Police Using Drones to Spy on Americans in their Backyards

One of the lasting societal effects of the coronavirus outbreak will be the government’s use of drones and video technology to essentially spy on its populace, privacy advocates have warned.

One New Jersey’s town use of drones may prove to be a case in point.

The New York Post reported earlier this month that the town of Elizabeth is using a fleet of drones to address large groups of people disobeying social-distancing orders to help contain the coronavirus.

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“These drones will be around the city with an automated message from the Mayor telling you to STOP gathering, disperse and go home,” Elizabeth police announced on Facebook, according to the paper. “Summonses HAVE AND WILL CONTINUE to be issued to those found in violation. Fines are up to $1,000. You have been advised.

Drones have been deployed by cities in states like Florida and California. Drones currently being used can provide city officials with a bird’s-eye view of social gatherings. Their use have been met with resistance, including one Connecticut town that forced a police department to shelve the program.

Similar drones have been used in China, France and Taiwan.

Sen. Marsha Blackburn, R-Tenn., told the “Todd Starnes Radio Show” Monday that her office has received calls voicing concerns about using technology to track unaware residents and she said she has “enormous” concerns about their use.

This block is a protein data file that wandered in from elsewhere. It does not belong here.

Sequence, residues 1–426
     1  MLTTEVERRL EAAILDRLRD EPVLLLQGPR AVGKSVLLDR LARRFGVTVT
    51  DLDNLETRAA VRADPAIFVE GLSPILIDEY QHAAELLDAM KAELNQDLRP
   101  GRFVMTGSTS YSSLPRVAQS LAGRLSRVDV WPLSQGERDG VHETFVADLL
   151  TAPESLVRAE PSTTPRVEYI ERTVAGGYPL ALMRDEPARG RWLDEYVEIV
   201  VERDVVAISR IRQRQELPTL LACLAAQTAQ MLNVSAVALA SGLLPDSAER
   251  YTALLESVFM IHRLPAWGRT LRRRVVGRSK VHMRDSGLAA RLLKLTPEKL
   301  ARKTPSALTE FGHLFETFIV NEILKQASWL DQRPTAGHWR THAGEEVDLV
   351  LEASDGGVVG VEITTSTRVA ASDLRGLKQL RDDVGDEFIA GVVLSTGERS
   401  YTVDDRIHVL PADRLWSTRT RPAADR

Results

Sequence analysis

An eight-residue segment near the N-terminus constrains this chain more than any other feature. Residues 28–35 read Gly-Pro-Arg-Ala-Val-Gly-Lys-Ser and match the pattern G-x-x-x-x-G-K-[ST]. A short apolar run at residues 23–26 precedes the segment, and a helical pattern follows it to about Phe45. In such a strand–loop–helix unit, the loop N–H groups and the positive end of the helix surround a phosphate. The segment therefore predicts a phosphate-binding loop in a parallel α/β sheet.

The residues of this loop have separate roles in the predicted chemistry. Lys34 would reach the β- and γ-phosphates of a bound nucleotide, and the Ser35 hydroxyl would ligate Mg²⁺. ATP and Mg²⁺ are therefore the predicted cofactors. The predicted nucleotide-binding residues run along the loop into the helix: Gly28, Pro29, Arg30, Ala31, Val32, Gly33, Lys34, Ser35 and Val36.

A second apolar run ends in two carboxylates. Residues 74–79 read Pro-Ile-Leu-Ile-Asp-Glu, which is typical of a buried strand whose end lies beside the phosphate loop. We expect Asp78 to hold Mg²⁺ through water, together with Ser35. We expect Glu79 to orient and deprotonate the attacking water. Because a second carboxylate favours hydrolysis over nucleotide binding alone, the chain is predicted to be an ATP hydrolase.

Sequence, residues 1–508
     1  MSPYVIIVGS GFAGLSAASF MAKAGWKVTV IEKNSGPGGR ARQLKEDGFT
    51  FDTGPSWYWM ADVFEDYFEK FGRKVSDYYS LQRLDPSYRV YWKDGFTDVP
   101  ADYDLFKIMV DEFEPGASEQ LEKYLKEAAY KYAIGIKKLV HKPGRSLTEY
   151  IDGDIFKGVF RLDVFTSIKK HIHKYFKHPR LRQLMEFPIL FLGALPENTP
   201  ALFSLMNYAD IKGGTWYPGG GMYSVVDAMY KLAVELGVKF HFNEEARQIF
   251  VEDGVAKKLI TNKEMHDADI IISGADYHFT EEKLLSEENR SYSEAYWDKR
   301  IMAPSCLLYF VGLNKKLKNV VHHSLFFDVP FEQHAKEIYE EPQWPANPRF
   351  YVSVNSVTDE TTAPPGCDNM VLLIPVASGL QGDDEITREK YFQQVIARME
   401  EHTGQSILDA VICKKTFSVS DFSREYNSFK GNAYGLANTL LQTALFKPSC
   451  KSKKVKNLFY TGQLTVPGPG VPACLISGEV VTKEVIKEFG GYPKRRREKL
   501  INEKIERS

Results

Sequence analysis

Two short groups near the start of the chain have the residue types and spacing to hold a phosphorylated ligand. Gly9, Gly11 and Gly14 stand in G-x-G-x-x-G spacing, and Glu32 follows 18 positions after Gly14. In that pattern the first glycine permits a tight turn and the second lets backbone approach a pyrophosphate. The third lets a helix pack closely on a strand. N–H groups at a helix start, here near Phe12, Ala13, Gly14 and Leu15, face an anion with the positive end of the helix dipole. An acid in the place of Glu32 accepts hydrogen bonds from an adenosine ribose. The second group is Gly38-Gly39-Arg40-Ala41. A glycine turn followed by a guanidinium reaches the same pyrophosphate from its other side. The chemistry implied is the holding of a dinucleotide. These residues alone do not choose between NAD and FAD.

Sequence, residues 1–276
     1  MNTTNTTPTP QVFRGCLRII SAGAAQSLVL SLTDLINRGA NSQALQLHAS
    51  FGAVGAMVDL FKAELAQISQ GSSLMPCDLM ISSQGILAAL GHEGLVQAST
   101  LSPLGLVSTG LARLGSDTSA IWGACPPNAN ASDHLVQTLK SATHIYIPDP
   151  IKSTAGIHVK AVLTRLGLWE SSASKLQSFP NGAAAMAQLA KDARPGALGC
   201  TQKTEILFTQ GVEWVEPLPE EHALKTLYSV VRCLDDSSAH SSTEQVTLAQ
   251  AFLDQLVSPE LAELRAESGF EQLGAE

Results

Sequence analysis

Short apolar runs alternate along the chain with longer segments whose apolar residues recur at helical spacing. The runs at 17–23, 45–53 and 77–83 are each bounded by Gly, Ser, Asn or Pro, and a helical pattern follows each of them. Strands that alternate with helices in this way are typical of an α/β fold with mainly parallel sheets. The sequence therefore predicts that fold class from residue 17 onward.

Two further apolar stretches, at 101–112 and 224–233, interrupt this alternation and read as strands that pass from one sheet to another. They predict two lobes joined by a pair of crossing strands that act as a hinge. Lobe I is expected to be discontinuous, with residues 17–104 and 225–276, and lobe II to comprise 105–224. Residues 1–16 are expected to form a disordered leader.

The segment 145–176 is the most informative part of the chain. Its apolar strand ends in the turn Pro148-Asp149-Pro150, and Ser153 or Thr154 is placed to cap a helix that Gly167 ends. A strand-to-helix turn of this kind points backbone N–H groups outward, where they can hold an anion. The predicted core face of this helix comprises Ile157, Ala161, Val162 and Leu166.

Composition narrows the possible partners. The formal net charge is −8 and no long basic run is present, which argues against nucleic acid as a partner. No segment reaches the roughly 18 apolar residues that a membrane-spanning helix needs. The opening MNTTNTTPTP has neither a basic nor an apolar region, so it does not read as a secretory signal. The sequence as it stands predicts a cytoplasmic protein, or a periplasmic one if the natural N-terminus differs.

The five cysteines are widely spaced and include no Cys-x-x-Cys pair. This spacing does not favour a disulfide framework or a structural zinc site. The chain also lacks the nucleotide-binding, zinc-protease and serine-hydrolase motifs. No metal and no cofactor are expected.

Business Insider reported that advancements are being made in drone technology that will give them the ability to spot someone in a crowd who may have the coronavirus. These so-called “Pandemic drones” could use “computer vision systems to monitor temperatures and heart and respiratory rates of people from above and single out people sneezing or coughing.”

“We had imagined the technology being used in a future relief expedition to some far-away place,” Dr. Javann Chahl, chair at the University of South Australia. “Now, shockingly, we see a need for its use in our everyday lives immediately.”

His school is teaming up with the Australian Department of Defense and a Canadian drone company called Draganfly to produce these drones.

Thomas Gaulkin penned a column in the Bulletin of the Atomic Scientist, raising questions about the drone use during the pandemic.

He wrote, “Under normal circumstances, many Americans—who have an even stronger constitutional allergy to government surveillance than the British—would likely be outraged to see creepy flying police robots following them around outside and worry about what they might be used for after the COVID-19 emergency is over.”

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